According to the Center for Disease Control and Prevention, clubfoot is one of the most common congenital disabilities in the United States. It affects about 1 out of every 1,000 babies born each year. While there is no cure for clubfoot, treatments can help children with this condition live everyday life. In this post, we will discuss Assistive Technology options available to help children with clubfoot.
Over the past few decades, there has been a tremendous amount of study about what treatment is best for clubfoot. Previously, surgical correction, particularly an extended posteromedial soft tissue release, was the standard treatment method. However, this procedure has been discovered
to produce significant scarring, joint stiffness, muscular weakness, gait abnormalities, and relapse rates.
It’s also been reported that a mild traumatic strain can result in inflammation of the tissues around the fractured metatarsal. Furthermore, skin necrosis and neurovascular injuries have been observed. Moreover, the deformity may be over-or under-corrected, with the talus being flattened or even causing necrosis.
The Best Assistive Technology that can Help Clubfoot in Children :
Some of the recent assistive technologies that can significantly help clubfoot in children include the Foot Angel, Ponseti casting method, ankle-foot orthoses (AFOs), and surgery.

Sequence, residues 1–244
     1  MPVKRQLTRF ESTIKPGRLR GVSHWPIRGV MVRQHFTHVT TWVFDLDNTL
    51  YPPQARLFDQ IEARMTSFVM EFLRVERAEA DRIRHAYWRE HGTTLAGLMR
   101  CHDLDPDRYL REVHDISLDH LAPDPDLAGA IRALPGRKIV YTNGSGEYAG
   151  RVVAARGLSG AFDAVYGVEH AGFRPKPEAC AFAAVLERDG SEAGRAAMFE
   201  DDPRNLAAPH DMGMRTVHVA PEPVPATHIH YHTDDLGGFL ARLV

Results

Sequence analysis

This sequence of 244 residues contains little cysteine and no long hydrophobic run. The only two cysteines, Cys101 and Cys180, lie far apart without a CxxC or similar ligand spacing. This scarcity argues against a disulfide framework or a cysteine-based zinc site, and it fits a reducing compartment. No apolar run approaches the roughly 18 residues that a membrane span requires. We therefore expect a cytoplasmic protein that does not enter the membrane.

1. Foot Angel
The Foot Angel is a crucial assistive technology that helps to keep the heel in an elevated position. You can wear it at night or during the day. This will help stretch the Achilles tendon and improve the muscle tone of the calf muscles.
2. Ponseti Casting Method
Another assistive technology is the Ponseti casting method. Over time, this series of casts are applied to the feet and legs to correct clubfoot deformity. The AFO is a brace worn on the outside of the shoe and helps maintain alignment of the foot and ankle. Surgery may be necessary if other treatments have not been successful. It should only be used as a last resort.
3. Ankle-foot orthoses (AFOs)
Ankle-foot orthoses (AFOs) are braces worn on the outside of the shoe that help maintain the foot and ankle alignment. AFOs are typically used to correct deformities such as clubfoot and can be helpful in children with cerebral palsy.
There are a variety of AFO designs available, which can be custom-made or purchased from a medical supply store. AFOs should be fitted and sized by a professional familiar with their use. It is vital to check the fit and function of AFOs regularly and adjust them as needed.
Given the high risk of consequences and long-term ramifications, treatment choices have gradually shifted to a non-operative approach utilizing the Ponseti technique. If done correctly, the method has become the standard of care and eliminates the necessity for extensive surgical repair in almost 98% of cases.
Cast, percutaneous Achilles tenotomy, and limb bracing are used to treat clubfoot in children. Manipulation, casts, percutaneous Achilles tenotomy, and foot bracing are all part of the treatment. In as little as 16 days using an accelerated casting method, You can obtain full correction in most cases. Most significantly, long-term follow-ups have shown that patients are happy with the procedure and have good functional outcomes.